First: the GPSD (at that time Directive 59/92) rules the product safety principles to be applied in the Union. According to this new European platform a bicycle safety standard would be the legal term of reference that regulates rights and duties of bicycle suppliers and consumers.
Second: A common safety standard should be a sort of ‘due deed’ to European citizens, more and more oriented to the bicycle use with full EU government support.
Third, the EU manufacturers get more and more interested in the removal of the technical barriers in order to enhance the free trade of bicycles in the European market, nowadays considered as domestic market.
A commonly agreed standard could help overcome the malaise of European bicycle industry.
The Safetybicycle analyst group will focus on the last item.
Normally a product safety standard is not intended to be a market lever, but in the long history of the EU bicycle, it has been shown that even national regulations like these can influence and divert the source of supply of millions of bicycles and large quantity of components with disastrous consequences.

Look for example at components makers: they are faced with laughable Community custom duties or ineffective antidumping measures and very inefficient Community Patent protection. That means that they have to spend a lot of energy to fight for survival and being finished off by the price competition imposed by low-labour costs of extra-EU countries. At the same time intra-European technical barriers, faces these manufacturers with the danger of being pushed out from their traditional EU exchange markets.
Probably not all the EU 25 countries have an extended legislation on whatever matter, but be sure that all of them have 'sown' in their national legislation a quantity of rules about cycles and cyclist's safety.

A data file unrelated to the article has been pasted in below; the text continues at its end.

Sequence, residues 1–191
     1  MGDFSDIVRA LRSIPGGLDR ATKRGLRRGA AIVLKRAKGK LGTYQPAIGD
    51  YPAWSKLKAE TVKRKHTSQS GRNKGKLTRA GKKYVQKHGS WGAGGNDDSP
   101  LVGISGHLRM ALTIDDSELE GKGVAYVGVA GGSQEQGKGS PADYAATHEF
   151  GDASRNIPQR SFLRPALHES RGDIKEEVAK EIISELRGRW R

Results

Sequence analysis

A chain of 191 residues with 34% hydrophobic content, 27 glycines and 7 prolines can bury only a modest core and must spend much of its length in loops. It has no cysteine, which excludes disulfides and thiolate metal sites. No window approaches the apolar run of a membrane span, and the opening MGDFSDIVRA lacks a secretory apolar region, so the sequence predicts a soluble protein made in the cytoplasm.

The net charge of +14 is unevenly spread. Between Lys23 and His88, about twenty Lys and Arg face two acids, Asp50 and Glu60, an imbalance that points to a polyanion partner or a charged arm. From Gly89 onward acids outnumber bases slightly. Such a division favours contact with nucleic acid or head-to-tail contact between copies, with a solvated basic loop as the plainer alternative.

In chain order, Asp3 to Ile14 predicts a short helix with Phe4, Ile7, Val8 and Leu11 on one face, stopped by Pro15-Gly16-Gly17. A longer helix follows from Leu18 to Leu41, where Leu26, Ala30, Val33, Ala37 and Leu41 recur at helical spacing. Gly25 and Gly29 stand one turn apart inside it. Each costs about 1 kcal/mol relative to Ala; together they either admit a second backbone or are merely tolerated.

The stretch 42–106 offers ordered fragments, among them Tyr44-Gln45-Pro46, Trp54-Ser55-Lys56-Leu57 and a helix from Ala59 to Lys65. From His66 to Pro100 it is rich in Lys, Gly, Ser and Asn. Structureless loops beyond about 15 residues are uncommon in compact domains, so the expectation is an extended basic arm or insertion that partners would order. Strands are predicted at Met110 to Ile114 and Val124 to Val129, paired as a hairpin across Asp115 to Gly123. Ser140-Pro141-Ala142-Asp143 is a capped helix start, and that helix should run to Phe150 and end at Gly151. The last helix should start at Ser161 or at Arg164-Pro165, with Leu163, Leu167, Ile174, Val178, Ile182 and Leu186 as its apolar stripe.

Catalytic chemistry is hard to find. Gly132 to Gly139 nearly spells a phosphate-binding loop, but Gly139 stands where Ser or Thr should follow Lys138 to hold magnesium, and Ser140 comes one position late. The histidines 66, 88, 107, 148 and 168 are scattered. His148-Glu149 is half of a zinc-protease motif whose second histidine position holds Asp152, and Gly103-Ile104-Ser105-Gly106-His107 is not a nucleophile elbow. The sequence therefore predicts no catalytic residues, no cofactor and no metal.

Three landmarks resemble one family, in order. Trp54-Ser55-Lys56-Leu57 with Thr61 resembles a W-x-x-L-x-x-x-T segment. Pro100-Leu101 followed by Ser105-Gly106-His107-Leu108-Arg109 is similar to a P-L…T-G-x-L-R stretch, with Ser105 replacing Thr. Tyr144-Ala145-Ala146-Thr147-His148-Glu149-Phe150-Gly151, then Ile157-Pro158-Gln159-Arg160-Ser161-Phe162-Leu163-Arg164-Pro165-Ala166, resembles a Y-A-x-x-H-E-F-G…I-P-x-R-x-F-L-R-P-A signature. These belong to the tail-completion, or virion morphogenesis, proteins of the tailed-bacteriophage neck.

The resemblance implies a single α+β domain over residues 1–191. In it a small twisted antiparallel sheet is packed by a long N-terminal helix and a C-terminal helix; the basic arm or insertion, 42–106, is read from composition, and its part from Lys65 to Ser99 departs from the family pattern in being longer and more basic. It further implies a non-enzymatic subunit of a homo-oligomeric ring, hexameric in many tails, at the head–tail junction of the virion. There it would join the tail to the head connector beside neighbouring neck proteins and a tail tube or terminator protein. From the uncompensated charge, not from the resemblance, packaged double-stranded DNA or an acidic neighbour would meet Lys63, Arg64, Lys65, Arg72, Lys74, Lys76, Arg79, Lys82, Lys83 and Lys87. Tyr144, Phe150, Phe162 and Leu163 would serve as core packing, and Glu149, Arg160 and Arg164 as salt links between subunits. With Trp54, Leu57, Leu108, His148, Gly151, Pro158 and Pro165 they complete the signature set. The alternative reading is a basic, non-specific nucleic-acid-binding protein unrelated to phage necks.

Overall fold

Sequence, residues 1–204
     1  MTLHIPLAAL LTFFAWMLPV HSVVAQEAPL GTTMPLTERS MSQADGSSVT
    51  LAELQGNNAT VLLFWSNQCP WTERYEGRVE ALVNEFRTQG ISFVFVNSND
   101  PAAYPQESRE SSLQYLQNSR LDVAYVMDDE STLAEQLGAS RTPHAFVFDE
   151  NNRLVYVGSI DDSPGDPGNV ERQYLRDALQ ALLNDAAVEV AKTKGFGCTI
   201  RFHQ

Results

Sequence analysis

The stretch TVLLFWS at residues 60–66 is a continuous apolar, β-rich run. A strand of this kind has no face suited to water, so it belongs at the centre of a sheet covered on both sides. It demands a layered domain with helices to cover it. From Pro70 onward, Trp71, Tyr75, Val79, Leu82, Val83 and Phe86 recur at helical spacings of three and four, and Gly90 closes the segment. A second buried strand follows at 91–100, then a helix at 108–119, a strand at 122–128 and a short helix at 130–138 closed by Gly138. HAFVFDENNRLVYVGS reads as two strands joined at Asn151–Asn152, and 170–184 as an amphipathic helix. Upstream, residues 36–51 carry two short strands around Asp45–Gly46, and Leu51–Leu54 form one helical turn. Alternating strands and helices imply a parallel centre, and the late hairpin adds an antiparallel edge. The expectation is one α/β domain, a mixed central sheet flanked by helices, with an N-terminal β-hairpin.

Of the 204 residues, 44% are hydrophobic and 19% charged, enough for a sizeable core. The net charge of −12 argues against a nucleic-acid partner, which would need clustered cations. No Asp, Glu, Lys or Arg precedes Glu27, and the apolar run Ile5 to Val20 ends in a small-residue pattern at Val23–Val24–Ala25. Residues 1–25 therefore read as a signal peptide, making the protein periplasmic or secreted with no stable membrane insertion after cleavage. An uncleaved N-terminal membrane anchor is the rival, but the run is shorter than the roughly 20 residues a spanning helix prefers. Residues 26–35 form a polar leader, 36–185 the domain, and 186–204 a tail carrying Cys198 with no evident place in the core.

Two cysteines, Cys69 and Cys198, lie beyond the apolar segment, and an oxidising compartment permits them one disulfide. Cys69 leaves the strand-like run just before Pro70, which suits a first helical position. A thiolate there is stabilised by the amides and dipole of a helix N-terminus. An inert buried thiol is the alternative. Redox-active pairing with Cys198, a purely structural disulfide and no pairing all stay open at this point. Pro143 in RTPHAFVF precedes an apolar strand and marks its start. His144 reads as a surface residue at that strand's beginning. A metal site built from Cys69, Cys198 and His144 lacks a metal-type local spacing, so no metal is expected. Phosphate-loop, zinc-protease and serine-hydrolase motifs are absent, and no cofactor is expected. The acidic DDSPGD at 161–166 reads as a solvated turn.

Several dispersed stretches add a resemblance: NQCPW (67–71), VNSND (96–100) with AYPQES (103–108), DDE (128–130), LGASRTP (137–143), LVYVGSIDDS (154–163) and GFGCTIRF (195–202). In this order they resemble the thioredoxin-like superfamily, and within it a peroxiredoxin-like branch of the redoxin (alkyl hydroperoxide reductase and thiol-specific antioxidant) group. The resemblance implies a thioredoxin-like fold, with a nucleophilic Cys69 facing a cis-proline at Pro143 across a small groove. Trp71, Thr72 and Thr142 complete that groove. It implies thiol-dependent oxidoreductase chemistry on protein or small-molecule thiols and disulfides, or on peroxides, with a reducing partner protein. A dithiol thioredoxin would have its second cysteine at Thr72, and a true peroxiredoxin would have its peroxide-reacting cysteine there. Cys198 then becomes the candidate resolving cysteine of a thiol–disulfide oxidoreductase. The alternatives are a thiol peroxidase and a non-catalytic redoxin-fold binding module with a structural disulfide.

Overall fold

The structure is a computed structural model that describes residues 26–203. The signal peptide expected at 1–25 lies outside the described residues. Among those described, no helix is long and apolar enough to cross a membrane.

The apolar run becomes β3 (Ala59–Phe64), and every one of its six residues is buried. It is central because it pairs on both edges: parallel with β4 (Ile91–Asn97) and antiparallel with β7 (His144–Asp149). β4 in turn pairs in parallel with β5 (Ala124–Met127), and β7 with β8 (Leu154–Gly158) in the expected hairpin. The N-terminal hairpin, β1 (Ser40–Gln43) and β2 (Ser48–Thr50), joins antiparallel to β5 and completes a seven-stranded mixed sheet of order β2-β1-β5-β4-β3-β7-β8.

Just one example: despite the fact that lighting equipment is a crucial safety matter, this subject had to be excluded from the European Standards due to the poor harmonization between national Road Codes specifications.
Technical regulation on bicycles, indeed, has not been harmonized and Member States apply different national rules.
Authorities tend to advance safety concerns as a justification to apply these rules also on bicycles produced in other, even neighbour, EU countries. It happens very frequently that national safety standards are used as a legal term of reference to check conformity and very often national requirements seem to violate the 'Mutual Recognition Principle'.
There are two reasons why the industry has not deposited many infringement complaints on the principle of ‘Mutual Recognition of national standards’' or on the ‘Free Circulation of Goods’ basic principle:
1) A lot of companies (most of them are classified as ‘SME’) simply do not seem to know the said principles and their associated rights. They prefer to adapt the bicycle to the local regulation and standards, avoiding problems with the local authorities, and accept the additional customization cost.
2) The many 'lodges' of bicycle assemblers and traders generated by over a hundred years of product history don’t seem to trust the benefit of the integration process. Every expert in the process of EU integration can easily demonstrate with numbers and case histories that technical barriers within the EU signify costs and disadvantages much bigger than the total sum of the benefits.
The experts can also explain that any kind of trade barrier can work better against unfair trade when it is applied at the outside borders of the Community. In our case, every one can see that in a few years’ time the market shares have been destabilized and the millions of bicycles sold every year in Europe are less and less European.
The concern of the many promoters of the Common standards is now mainly related to the fact that 'the route' towards acceptation will more than likely be obstructed by different national attitudes and interests.